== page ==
Edluar is a newly-approved medication for insomnia. This unique form of zolpidem is faster-acting than oral forms. Find out what makes Edluar special—and the risks of Edluar.
Edluar is a prescription medication for insomnia, approved in 2009 for use in the U.S. This drug is a formulation of zolpidem tartrate, a sedative often used for treatment of short-term insomnia. It is manufactured by the Swedish drug company Orexo, and will be marketed by its partner, Meda (also a Swedish drug company). Edluar, formerly known as Sublinox, is available in 5 mg and 10 mg tablets.
Edluar is unique because of its sublingual (under the tongue) administration. The tablet is placed under the tongue, where it dissolves and is absorbed directly into the bloodstream. As a result, Edluar acts faster than oral formulations of zolpidem, such as Ambien. Sublingual administration also allows the drug to bypass the gastrointestinal system, whose acid and enzymes can make drugs less effective, and keeps it from immediately passing through the liver, which breaks down medications.
Edluar uses a technology owned by Orexo for rapid-dissolving, sublingual administration. This pharmaceutical technology is an improvement over some other formulations for sublingual administration.
Edluar is approved as a medication for the type of insomnia that involves difficulty falling asleep. Like other formulations of zolpidem, it is a sedative that helps the patient fall asleep without keeping the person sedated all night, which can cause morning drowsiness. Edluar is intended as a short-term treatment and is not meant for chronic insomnia.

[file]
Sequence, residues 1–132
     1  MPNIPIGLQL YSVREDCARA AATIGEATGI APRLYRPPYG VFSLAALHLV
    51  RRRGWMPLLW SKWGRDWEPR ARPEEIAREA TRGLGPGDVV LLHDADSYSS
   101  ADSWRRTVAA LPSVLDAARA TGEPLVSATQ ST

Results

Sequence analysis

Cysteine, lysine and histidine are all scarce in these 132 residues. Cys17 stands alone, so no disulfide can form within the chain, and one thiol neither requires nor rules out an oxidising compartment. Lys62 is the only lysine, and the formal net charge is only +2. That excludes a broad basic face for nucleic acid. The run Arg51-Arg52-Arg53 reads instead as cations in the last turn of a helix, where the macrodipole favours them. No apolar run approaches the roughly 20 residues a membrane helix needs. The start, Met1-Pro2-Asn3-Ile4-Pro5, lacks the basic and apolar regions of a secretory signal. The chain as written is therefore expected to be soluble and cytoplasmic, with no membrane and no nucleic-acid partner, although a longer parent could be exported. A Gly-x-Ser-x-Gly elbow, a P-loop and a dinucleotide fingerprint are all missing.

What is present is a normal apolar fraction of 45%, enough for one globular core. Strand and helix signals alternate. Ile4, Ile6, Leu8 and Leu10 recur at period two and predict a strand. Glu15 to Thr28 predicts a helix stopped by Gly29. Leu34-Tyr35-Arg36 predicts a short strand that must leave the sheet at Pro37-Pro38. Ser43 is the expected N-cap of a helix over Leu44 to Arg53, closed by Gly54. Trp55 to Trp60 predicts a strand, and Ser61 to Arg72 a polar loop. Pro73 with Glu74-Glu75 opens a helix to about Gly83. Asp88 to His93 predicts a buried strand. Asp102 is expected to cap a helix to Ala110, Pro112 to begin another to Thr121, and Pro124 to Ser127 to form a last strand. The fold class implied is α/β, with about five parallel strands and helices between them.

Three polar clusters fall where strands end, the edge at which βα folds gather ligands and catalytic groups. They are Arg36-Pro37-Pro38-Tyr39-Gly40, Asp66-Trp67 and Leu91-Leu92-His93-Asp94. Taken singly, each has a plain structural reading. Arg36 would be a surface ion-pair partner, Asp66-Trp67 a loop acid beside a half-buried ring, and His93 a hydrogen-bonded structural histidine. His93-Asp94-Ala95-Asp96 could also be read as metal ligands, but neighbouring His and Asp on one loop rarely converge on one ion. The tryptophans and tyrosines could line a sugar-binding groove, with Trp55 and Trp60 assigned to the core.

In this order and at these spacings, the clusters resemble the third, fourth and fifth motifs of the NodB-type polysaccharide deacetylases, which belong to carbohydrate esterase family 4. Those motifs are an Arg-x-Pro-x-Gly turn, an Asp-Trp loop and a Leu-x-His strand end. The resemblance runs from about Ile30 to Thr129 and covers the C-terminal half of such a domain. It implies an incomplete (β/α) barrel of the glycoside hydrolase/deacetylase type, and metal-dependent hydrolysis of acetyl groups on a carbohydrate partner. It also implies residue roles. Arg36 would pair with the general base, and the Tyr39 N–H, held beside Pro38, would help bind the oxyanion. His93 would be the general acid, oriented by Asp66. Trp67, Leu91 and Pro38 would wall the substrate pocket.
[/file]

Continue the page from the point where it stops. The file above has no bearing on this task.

Warnings and Severe Side Effects
The warnings for Edluar are the same as for other forms of zolpidem. Because it is a central nervous system depressant, it should not be combined with other sedative drugs, including alcohol. It should be used with care in patients with symptoms of depression and in the elderly, who are more sensitive to its effects. People should not drive or operate other machinery after taking Edluar. Instead, it should be taken at bedtime right before the person tries to fall asleep.
The strangest side effect of zolpidem is performing everyday activities while asleep, known as parasomnia. Sleepwalking is the best known parasomnia, but other parasomnias are sleep-eating and even sleep-driving. Parasomnias can be dangerous, so if you know or suspect you have experienced it while taking zolpidem, you should check with your doctor before taking another dose. Fortunately, this side effect is rare.
Other rare but serious side effects include hallucinations and abnormal thinking and behavior. Withdrawal symptoms may occur after sudden discontinuation, but are less likely if the dosage is gradually tapered off.
Other Side Effects
The side effects of Edluar are similar to the side effects for other formulations of zolpidem. Fortunately, adverse reactions are rare. For short-term use, a very small number of patients report drowsiness, dizziness, and diarrhea. For longer-term use, the risk of dizziness increases (though it remains low), and a few people also report "feeling drugged."